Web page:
Events like last month’s Russian meteor and close approach by asteroid 2012 DA14—coincidental but taking place just hours apart—raised public awareness in the potential threats posed by near Earth objects (NEOs). It would also seem to be an opportunity for NASA in particular to seek additional funding to support its NEO detection efforts, which are lagging behind Congressionally-mandated goals for discovering these objects. Yet, at a hearing Tuesday on the issue by the House Science Committee, NASA administrator Charles Bolden seemed to downplay the threat and ask that additional money not be allocated to NEO programs—at least not at the expense of other NASA programs.
“We could come out of this hearing and decide that we really want to pour money into NEO detection and characterization, and that would not be the right thing to do,” Bolden said. He instead supported the overall 2013 budget request for NASA, which he said is “striking that proper balance” among the agency’s priorities.
Bolden’s rationale was that NEO impacts large enough to pose a threat were rare events. “The probability of any sizable NEO impacting Earth any time in the next 100 years is extremely remote,” he said in his opening statement. While citing several times NASA’s NEO detection and characterization efforts, he also noted NASA’s work on Orion and Space Launch System that will enable a human mission to an asteroid by 2025, something that he said also could also help in understanding asteroid impact mitigation activities.
“This is not an issue that we should worry about in the near term,” Bolden said late in the hearing. “We have a lot of work to do, but the funding that is presently laid out in the president’s budget is sufficient to get us there incrementally. We just have to move that plan forward.”
However, Bolden also admitted that current funding provided to NASA for its NEO work ($20.5 million in FY2012, up from just $4 million a few years earlier) was not sufficient to achieve the goal in NASA’s 2005 authorization act to discover 90 percent of the NEOs at least 140 meters in diameter by 2020. “At the present budget levels—and not the going-down budget levels—it will be 2030 before we can reach the 90-percent level as prescribed by Congress,” he said.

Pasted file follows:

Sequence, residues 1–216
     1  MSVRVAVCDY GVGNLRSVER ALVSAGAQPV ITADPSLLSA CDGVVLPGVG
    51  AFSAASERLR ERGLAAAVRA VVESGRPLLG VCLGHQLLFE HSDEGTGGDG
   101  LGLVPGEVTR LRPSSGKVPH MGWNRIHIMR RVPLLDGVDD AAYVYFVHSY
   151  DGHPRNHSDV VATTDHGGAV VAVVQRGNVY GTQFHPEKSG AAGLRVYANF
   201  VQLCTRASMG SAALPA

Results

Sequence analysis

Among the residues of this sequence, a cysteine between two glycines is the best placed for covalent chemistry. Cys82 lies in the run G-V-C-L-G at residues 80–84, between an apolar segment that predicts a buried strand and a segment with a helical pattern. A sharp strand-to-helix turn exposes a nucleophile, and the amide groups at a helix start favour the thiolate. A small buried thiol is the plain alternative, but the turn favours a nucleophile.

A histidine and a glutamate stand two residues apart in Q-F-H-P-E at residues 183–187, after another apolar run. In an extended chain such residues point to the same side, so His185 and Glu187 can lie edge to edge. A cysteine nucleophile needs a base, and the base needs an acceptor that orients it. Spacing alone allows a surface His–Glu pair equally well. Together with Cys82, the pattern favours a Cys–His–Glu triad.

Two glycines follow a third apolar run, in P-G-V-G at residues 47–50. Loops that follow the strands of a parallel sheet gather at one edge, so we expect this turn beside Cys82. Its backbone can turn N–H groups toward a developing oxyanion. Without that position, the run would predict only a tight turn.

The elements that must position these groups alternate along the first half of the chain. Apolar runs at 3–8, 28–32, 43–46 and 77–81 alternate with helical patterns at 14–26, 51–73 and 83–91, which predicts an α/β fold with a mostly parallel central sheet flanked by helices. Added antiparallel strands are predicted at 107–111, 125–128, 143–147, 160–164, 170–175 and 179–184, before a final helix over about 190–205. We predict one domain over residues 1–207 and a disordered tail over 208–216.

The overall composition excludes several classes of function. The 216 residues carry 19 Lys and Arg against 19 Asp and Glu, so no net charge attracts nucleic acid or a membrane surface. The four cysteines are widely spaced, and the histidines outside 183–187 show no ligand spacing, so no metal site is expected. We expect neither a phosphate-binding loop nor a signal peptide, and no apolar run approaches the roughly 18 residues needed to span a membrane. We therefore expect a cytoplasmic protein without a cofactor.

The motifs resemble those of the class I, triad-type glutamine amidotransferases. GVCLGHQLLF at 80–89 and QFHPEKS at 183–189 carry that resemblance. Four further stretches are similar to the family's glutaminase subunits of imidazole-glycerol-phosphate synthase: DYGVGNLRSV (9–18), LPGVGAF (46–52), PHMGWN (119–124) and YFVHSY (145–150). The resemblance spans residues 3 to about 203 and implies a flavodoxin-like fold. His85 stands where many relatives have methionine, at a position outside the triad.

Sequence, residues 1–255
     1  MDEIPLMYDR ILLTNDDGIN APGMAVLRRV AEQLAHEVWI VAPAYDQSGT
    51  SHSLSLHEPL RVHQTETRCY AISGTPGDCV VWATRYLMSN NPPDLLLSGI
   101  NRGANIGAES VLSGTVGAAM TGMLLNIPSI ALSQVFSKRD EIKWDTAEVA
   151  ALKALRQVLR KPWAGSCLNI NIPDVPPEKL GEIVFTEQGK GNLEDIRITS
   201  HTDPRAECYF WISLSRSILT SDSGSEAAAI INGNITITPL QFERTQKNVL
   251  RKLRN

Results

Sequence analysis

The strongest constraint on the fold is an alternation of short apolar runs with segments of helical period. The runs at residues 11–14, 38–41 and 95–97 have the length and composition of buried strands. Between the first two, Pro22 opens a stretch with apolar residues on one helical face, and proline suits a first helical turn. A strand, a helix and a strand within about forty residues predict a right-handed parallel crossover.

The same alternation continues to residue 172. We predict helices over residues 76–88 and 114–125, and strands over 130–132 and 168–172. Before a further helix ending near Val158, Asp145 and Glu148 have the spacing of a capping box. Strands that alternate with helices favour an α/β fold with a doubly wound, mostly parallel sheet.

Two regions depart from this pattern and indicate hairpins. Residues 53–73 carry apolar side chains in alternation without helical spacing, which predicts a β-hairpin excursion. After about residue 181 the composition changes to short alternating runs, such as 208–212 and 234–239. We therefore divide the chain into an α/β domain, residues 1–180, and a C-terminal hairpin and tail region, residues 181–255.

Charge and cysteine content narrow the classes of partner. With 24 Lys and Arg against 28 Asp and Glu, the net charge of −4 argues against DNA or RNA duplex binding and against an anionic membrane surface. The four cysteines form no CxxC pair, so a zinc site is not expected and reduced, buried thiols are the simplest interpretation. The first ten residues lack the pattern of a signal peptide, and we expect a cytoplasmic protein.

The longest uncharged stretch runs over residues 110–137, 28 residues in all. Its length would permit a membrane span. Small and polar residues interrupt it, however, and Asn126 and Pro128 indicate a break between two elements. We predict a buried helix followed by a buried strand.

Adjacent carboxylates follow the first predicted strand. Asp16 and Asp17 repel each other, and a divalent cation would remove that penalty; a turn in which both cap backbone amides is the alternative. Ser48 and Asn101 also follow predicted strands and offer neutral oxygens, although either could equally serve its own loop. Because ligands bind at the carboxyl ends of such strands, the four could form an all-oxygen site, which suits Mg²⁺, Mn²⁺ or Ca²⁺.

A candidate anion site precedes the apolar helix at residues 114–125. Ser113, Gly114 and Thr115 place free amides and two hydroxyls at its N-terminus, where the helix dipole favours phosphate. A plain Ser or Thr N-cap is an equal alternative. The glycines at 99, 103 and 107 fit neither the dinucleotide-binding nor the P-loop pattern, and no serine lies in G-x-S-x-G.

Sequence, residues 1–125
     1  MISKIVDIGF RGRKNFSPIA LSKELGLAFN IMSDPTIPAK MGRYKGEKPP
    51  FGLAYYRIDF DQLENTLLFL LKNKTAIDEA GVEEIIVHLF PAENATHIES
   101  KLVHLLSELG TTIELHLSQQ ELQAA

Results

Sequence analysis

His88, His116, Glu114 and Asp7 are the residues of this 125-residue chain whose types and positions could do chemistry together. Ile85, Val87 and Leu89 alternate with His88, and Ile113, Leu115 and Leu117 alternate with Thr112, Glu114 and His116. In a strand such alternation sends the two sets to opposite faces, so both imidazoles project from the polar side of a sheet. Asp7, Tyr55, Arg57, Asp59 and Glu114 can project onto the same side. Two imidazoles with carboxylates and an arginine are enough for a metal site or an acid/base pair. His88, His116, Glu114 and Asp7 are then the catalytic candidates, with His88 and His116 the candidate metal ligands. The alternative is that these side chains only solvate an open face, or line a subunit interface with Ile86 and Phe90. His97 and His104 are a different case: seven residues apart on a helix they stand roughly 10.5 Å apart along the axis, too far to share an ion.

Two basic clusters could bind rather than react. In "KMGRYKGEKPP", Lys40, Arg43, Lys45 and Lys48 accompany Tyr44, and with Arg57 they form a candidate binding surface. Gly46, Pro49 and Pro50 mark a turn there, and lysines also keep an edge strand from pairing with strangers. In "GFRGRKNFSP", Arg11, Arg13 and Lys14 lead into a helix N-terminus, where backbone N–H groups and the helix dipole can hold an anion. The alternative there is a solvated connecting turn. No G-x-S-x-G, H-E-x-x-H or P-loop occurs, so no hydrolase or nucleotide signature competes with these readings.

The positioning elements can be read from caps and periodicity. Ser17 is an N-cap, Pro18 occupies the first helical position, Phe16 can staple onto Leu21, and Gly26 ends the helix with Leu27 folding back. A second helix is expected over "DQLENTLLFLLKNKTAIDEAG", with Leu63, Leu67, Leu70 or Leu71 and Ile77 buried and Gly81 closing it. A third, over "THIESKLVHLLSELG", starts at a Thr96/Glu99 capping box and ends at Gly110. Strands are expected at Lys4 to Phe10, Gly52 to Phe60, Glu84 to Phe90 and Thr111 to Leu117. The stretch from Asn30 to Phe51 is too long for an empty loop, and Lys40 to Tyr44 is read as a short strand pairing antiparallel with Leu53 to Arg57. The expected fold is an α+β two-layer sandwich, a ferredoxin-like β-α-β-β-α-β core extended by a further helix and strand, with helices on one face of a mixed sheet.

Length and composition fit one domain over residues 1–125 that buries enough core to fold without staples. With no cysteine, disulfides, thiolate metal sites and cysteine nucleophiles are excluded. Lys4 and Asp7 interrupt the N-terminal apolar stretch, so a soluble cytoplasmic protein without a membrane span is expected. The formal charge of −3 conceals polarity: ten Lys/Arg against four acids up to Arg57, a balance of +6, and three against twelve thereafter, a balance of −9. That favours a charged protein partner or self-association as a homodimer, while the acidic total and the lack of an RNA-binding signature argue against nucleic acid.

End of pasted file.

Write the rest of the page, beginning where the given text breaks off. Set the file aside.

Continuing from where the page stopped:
Bolden and presidential science advisor John Holdren mentioned several times NASA’s relationship with the B612 Foundation, the non-profit group raising money for a space telescope to look for NEOs, but did not directly advocate that NASA either help fund that mission or develop a similar mission. Bolden said that were NASA to develop such a mission it would cost about $750 million (B612 is estimating its Sentinel mission will cost about $500 million.)
Holdren, citing a 2010 National Academies report on NASA’s NEO search program, did suggest a significant increase in spending on NEO search efforts to reach the Congressional goal sooner. “I think we would want to be spending upwards of $100 million a year” on detection and characterization efforts, he said.
The chairman of the committee, Rep. Lamar Smith (R-TX), appeared receptive to proposals to spend more on NEO programs. “That’s not particularly reassuring,” he said after Bolden said it would be 2030 to reach the 140-meter-class NEO detection goal. “Maybe we can can help you out with the budget.” However, he earlier warned that Congress wouldn’t write a blank check for this. “I do not believe that NASA is going to somehow defy budget gravity and get an increase when everyone else is getting cuts,” he said. “But we need to find ways to prioritize NASA’s projects and squeeze as much productivity as we can out of the funds we have.”